Consumer reception to the iPhone 5c has been on the whole underwhelming to say the least. Now former Apple advertising executive Ken Segall has penned a short autopsy of the iPhone 5c on his blog and comes to the conclusion that Apple s user base just has no use for cheap-looking plastic phones. Also Read - iPad Mini for 2021 to ditch fat bezels, could bring along new Apple Pencil MiniAlso Read - iOS 4 is now available again on modern iPhones, complete with Home button: How to get it
Clearly plastic was a big part of the iPhone 5c strategy, Segall writes. The launch ad was entitled Plastic Perfected. The launch video featured Jony Ive explaining that iPhone 5c was unapologetically plastic. There was a strategic plan to head off the potential negative by boldly proclaiming it as a positive Unfortunately for Apple, creativity can be a double-edged sword. The unapologetically plastic line in the product video was so interesting and memorable, it got played back over and over in articles about the lackluster demand for iPhone 5c. Not exactly what Apple intended. Also Read - Apple originally planned to launch new MacBook at WWDC 2021, but didn’t: details here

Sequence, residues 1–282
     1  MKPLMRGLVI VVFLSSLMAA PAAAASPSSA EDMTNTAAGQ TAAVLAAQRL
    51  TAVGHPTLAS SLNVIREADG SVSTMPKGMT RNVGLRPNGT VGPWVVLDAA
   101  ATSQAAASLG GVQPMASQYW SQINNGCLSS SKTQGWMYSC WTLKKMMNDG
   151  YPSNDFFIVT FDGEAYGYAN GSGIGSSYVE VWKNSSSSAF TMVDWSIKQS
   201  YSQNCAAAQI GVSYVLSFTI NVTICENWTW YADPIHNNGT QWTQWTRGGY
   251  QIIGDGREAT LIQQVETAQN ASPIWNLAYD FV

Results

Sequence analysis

Segall acknowledges that the 5c s $100 on-contract price might have also been a barrier to success since people who are shelling out money for a new on-contract smartphone might figure that they ll just fork over the extra $100 to get the iPhone 5s. Even so, he thinks Apple should take the 5c s seeming failure as a sign that it shouldn t bother making low-cost smartphones even if it costs them some market share in emerging markets.
Steve Jobs was right, he explains. Apple is a company that doesn t do cheap. It makes products for people who care about design, simplicity, quality and a great experience and are willing to pay more for these things. For Apple to compromise in any of these areas would be a violation of the Prime Directive.